Bishop John Arnold, Bishop-elect of Salford, visited Cambodia at the end of last month in his role as Chairman of CAFOD – the Church’s agency for overseas aid and development. One of the key aims of the visit was to observe how CAFOD’s partners are working to improve the lives of those affected by poverty.
During his week in the country, Bishop John visited Phnom Penh and Siem Reap near the Thailand border – the latter noted for having ‘the highest average wealth of Cambodian cities but its provincial inhabitants are the poorest.’ He met with a variety of delegates including Michelle Broadbent, the British Deputy Ambassador to Cambodia, Bishop Olivier, the Apostolic Vicar for Phnom Penh and His Excellency Say Sam Al, the Minister for the Environment.
He also met with a number of CAFOD partners, organisations and individuals such as the Jesuit Refugee Service and its Centre for Reflection and Development Partnership in Action (DPA).
Bishop John is still serving as an auxiliary Bishop for the Diocese as Westminster and, as such, his daily diary can be read on the diocesan website. In his reflections, Bishop John comments on the wealth divide evident in some of Cambodia’s biggest cities and on the recent turbulent history of the country, principally the memory of Pol Pot’s oppressive regime in the 1970s.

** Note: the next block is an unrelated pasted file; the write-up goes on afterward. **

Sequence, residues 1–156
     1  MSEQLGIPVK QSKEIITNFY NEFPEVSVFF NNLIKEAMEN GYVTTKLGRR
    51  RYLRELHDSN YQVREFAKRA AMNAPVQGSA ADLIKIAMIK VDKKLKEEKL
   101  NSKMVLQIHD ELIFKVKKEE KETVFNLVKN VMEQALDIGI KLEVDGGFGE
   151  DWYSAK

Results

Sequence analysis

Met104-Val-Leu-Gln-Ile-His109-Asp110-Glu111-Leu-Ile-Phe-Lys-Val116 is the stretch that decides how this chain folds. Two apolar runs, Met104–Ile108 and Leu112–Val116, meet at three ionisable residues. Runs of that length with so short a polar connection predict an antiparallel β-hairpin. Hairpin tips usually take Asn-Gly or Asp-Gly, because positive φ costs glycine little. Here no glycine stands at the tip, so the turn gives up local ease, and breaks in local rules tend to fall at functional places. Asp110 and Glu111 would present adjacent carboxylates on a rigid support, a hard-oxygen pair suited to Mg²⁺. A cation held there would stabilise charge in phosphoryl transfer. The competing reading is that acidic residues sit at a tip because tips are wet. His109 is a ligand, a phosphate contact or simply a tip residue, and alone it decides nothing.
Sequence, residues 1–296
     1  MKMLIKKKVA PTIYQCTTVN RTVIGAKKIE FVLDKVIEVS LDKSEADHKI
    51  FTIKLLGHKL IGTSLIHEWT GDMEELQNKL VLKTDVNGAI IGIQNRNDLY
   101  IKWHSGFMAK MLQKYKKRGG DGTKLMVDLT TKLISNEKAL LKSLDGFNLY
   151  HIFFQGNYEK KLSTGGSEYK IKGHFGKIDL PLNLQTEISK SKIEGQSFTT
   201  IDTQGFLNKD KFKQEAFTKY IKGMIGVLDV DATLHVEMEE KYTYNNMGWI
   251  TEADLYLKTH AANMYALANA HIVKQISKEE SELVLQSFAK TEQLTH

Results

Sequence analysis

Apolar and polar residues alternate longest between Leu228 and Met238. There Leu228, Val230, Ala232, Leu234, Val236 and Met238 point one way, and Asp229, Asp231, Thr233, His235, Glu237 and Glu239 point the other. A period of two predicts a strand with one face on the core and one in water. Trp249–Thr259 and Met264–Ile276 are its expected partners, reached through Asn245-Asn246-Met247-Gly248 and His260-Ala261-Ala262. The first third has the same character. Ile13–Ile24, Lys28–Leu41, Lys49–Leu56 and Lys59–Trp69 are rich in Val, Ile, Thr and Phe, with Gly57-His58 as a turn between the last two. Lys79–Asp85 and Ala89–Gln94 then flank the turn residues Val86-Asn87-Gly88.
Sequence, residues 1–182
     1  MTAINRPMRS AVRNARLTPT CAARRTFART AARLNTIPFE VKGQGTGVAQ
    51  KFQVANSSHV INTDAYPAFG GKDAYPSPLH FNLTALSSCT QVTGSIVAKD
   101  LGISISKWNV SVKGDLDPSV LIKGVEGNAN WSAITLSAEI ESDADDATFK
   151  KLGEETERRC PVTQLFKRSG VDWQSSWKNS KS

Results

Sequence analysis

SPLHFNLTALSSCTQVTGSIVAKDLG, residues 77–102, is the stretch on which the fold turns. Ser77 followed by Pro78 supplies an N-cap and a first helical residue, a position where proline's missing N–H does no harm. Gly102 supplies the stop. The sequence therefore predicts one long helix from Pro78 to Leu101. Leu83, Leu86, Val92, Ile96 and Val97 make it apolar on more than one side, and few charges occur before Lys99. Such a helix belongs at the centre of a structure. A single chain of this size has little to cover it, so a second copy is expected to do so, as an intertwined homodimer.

He bore witness to a country which is recovering from these dark days and seeing an impressively large growth rate per annum which still leaves many below the poverty line. This is where the work of CAFOD and its partners has become so important in helping people work towards a better quality of life for themselves and their communities in modern Cambodia.
Bishop John witnessed first-hand one of these instances of hope when he met a group of women who have bought some land with the help of CAFOD and have been taught intensive farming methods. They are now able to grow crops of vegetables which are available three to four times a year.
As Bishop John notes, “They make their own compost and insecticide and the goods produced are traded in local markets. One woman in the group has made $160 for herself and her family this year – a princely sum in Cambodia. Her husband’s pay is subsistence level so this extra cash makes a world of difference.”
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